Raja Ampat in Pictures
Remote Raja Ampat is one of the places to dive in the incredible Indonesian region, and one of the most beautiful island chains in the world. Dive into paradise and see manta rays, shark action, and big schools of both pelagic and tropical fish and some of the most colorful coral reefs in existence. One of the world’s top underwater photography destinations.
Marine Life in Raja Ampat
Marine life in Raja Ampat is abundant and diverse. Located at the intersection of the Indian and Pacific Oceans, the strong currents, known as the Indonesian Throughflow, bring nutrients that feed the pristine reefs, which in turn attract an astounding variety of fish, critters and their predators. Raja Ampat is known as a biological mecca and photographers, in particular, will find plenty of photo opportunities. Thousands of species of fish and reef-building corals inhabit these diverse waters that restock and populate reefs throughout the South Pacific and Indian Oceans.
Snorkelers will also find plenty to explore.
It’s easy to spot a variety of large pelagic fish, mantas, cetaceans, large schools of fish, manta rays, reef sharks, wobbegong sharks, reef sharks, the rare walking shark, turtles, Spanish mackerel, tuna, barracuda, pygmy seahorses, nudibranchs, ghost pipefish, cuttlefish, and all sorts of crustaceans.
Dive Conditions in Raja Ampat
The Raja Ampat Islands are an Indonesian archipelago in West Papua. The 1500 or so jungle-sheathed islands offer much to explore. Diving in Raja Ampat is challenging because of the strong currents and is recommended for experienced divers, although there are some sites for beginners too.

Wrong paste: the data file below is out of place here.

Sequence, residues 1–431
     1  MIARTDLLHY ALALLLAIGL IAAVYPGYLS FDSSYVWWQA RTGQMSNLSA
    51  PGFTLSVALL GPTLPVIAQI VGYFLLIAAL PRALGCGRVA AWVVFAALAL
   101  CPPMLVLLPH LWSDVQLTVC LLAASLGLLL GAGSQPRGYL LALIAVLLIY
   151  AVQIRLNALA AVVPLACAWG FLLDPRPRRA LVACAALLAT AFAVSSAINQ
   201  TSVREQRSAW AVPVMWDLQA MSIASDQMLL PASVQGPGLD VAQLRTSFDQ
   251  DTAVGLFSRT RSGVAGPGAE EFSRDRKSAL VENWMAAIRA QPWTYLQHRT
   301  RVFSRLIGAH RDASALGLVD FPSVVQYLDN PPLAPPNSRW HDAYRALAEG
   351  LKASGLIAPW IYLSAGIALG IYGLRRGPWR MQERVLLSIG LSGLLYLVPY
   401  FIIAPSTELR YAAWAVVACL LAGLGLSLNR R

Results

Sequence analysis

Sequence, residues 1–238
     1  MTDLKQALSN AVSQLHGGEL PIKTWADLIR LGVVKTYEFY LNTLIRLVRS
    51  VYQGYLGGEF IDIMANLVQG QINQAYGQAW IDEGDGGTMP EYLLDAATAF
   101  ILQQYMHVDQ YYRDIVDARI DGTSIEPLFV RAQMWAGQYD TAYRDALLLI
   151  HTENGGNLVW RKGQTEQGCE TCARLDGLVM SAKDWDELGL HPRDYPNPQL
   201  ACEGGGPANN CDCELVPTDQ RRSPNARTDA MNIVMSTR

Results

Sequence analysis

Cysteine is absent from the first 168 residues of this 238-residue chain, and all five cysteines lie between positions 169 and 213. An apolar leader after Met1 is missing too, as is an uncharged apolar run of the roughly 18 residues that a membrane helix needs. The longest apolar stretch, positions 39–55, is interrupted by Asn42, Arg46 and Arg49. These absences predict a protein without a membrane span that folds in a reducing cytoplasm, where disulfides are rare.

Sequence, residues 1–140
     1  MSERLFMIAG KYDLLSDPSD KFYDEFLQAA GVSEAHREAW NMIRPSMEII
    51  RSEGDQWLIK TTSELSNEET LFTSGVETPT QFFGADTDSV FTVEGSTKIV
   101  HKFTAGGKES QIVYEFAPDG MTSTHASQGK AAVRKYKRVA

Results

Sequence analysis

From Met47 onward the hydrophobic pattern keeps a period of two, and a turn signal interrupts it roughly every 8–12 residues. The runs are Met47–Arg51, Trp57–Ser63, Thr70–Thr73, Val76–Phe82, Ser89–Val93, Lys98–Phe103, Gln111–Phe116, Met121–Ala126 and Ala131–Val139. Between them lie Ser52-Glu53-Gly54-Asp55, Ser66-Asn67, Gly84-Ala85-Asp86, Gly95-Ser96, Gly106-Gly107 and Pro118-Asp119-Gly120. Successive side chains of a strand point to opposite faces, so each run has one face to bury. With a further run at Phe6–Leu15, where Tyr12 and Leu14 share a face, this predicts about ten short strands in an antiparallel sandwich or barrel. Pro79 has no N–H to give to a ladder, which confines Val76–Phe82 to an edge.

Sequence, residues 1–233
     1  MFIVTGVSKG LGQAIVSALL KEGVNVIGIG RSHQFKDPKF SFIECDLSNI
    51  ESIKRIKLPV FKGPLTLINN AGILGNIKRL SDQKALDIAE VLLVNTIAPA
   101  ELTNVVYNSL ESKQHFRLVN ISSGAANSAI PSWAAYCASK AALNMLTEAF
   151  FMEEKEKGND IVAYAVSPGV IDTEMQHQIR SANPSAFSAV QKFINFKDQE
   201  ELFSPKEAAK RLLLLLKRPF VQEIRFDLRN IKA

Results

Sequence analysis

Liveaboards are popular for avid divers and the best way to see all that the region has to offer. There are some dive resorts too, mostly in the Northern regions.
Best Time to Dive in Raja Ampat
Raja Ampat has a tropical climate. Diving is possible all year round but October to May is considered the best diving season. There is less rain, calmer conditions, and great visibility.
Monsoon season hits around mid-June to mid-September and most liveaboards do not operate during this period. The southern Raja Ampat area is inaccessible due to rough and windy weather.
The northern and central Raja Ampat areas are accessible throughout the year via the dive resorts or some liveaboards.
Water Temperature is a steady 27 °C – 30 °C (80 °F – 86 °F) degrees year-round and visibility ranges from 10 to 25m (30 to 80 ft.) Air temperatures are usually constant with a daytime average maximum of 32 °C (89 °F)
Best Dive Sites in Raja Ampat
Raja Ampat meaning the ‘Four Kings’, are the islands Misool, Batanta, Waigeo, and Salawati but the area is actually made up of hundreds of islands, covering around 40,000 ㎡ with countless dive sites, too many for one trip. Here are my top picks.
There are many beautiful sites to dive around this island including a coral column drops down to 25 meters and is a good site for less experienced divers diving in current for the first time. Yellow snappers are abundant here and at the deeper part of this site, you might just spot a wobbegong shark or five. Trevallies, fusiliers, groupers, giant clams, morays and all sorts of hard and soft coral abound here too.
One of Raja Ampat’s most accessible wrecks, it’s a Japanese navy patrol boat sunk during WWII. The wreck lays upright and has been completely colonized by coral which attracts an abundance of life. Lionfish, moray eels, Napoleon wrasse, bumphead parrotfish, nudibranch species and more populate the wreck.